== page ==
Compass World: Israeli Election 101

On Tuesday, April 9, Israeli citizens will head to the polls to vote in what has become an extremely close race between Netanyahu’s right-wing bloc and the centrist bloc of Benny Gantz, an emerging politician and former general of the Israeli Defense Forces. Netanyahu seeks to become Israel’s longest-serving Prime Minister, while Gantz has rallied those tired of Netanyahu’s rule and concerned about the charges of corruption charges leveled against him.

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Israel’s parliament, the Knesset, is made up of 120 seats. In order to govern, a ruling coalition must secure 61 seats. Furthermore, a political party must secure 3.25 percent of the vote to pass the electoral threshold and win a seat. Seats are proportionally distributed among the parties that surpassed the threshold. Each party or bloc draws up a list of candidates in order of priority; those at the top of the list are guaranteed seats in the Knesset before those at the bottom. Thus, voters are not basing their choices on individual candidates but on parties and the public figures of those parties.


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The Likud party, led by Prime Minister Netanyahu (pictured), is the largest party of the current ruling coalition. It is a right-wing party, and thus has allied with several smaller right-wing parties for the election.

Jewish Power and Jewish Home have both joined the right-wing bloc; Jewish power merged into Jewish Home, a more mainstream party, in order to guarantee itself seats in Parliament. Both parties have stirred up controversy over the alleged racism of its members. Jewish Power portrays itself as the successor to the Kahanist movement, which was founded by Rabbi Kahane and also designated a terrorist organization by the U.S. Kahane advocated for a Jewish theocracy, the forced removal of Palestinians to neighboring Arab countries, and a ban on marriages between Israeli Jews and Arabs. The Jewish Power platform echoes these ideas in calling for the forced removal of Palestinians, the annexation of the Palestinian territories, and seizing control of Temple Mount. The Israeli Supreme Court even barred a Jewish Power leader, Michael Ben-Ari, from running in the upcoming elections because of his anti-Arab views. However, it upheld the candidacy of the prominent Jewish Power member Itamar Ben-Gvir, who has also been accused of racism.


Blue and White

The Blue and White party is the challenger to Netanyahu’s coalition. It is made up of an alliance of Benny Gantz’s (pictured) Israel Resilience party and Yair Lapid’s Yesh Atid party, as well as a few smaller parties. It is a centrist coalition and has soared to prominence under Gantz’s leadership.



The Zehut party is an ultra-nationalist and libertarian party led by Moshe Feiglin (pictured). It has attracted attention, particularly among the youth of Israel, due to its call for the legalization of marijuana. However, its platform also calls for a one-state solution—a Jewish state only—as well as libertarian economic policies like the privatization of hospitals. Feiglin has announced that he will join the coalition of whichever party gives him the better deal, making the Zehut party, however small, a key swing player in the post-election politics.


The Israeli-Palestinian issue has not played a significant role in the platforms of the leading parties. Though Netanyahu announced that he would consider annexing Israeli settlements in the West Bank in an effort to appeal to far-right voters, most Israeli parties have accepted the status quo. Gantz has not discussed the two-state solution, and has only referred to a “separation” of the Palestinians. Though he opposes the annexation of settlements, he supports maintaining the settlement blocs. Support for the two-state solution among Israelis is at its lowest point in 20 years.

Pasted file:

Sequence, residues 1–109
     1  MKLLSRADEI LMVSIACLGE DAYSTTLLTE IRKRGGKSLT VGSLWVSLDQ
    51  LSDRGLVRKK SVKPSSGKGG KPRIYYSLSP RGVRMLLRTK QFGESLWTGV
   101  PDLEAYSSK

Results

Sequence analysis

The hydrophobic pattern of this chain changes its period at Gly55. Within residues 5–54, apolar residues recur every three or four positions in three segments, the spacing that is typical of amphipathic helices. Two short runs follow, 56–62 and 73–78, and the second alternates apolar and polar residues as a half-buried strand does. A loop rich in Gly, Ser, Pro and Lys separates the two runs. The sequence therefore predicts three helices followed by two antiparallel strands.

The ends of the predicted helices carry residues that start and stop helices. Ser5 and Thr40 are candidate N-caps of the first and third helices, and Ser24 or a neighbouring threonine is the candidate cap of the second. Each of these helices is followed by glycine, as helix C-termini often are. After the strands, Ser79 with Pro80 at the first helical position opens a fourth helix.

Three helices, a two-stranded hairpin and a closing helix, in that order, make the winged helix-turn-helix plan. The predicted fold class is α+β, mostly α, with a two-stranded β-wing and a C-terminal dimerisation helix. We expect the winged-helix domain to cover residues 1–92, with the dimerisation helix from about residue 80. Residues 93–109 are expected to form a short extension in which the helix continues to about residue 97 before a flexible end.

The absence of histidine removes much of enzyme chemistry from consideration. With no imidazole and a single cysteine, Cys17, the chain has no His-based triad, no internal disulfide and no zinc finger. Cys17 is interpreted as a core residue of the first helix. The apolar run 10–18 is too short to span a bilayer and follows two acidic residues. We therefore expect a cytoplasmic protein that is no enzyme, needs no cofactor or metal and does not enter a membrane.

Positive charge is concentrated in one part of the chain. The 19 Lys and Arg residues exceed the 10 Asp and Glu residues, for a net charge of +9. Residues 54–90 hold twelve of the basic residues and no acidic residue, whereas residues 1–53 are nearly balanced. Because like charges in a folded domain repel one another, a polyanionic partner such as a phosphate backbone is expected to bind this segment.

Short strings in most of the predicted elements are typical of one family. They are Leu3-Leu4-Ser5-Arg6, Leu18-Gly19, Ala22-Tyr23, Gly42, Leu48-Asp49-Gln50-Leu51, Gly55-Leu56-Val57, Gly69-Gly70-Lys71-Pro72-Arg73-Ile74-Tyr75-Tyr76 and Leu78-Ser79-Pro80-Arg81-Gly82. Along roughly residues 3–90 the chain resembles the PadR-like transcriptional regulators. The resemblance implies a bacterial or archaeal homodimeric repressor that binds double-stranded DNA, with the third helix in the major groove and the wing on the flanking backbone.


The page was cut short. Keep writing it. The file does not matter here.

Instead, the election has transformed into what is essentially a referendum on Netanyahu. Gantz and the Blue and White bloc have capitalized on fatigue among some Israeli citizens with Netanyahu’s rule and on the charges of corruption levelled against him. The Israeli Attorney General announced that he intends to indict Netanyahu for bribery, fraud, and breach of trust, though an indictment will become official only after a pre-indictment hearing. The Attorney General agreed to push the hearing until after the elections, and even if indicted, Netanyahu will not have to step down from office unless he is convicted, a process which may take years.

These charges stem from three separate corruption investigations against Netanyahu. Netanyahu is accused of attempting to give a tax break to businessmen who gave Netanyahu gifts, of negotiating with a newspaper for more favorable coverage in exchange for limiting the circulation of that newspaper’s primary rival, and of advancing regulatory benefits for the telecommunications company Bezeq in exchange for favorable news coverage from the newspaper owned by one of Bezeq’s primary shareholders. Netanyahu has denounced the charges as a left-wing conspiracy and fabrication.


The last polls were conducted on April 5. Though estimates vary slightly between polling organizations, Blue and White and Likud are neck-and-neck, with Blue and White occasionally polling a few seats higher. However, the latest polls have demonstrated an increase in support for far-right parties allied with Netanyahu, indicating that Netanyahu may have a better chance at forming a governing coalition. Zehut is estimated to gain from four to seven seats, which would make it a key player in impending negotiations. 

Regardless of the outcome, this election has marked not only the greatest challenge that Netanyahu has faced in his time in office, but also the greatest rightward shift in Israeli politics.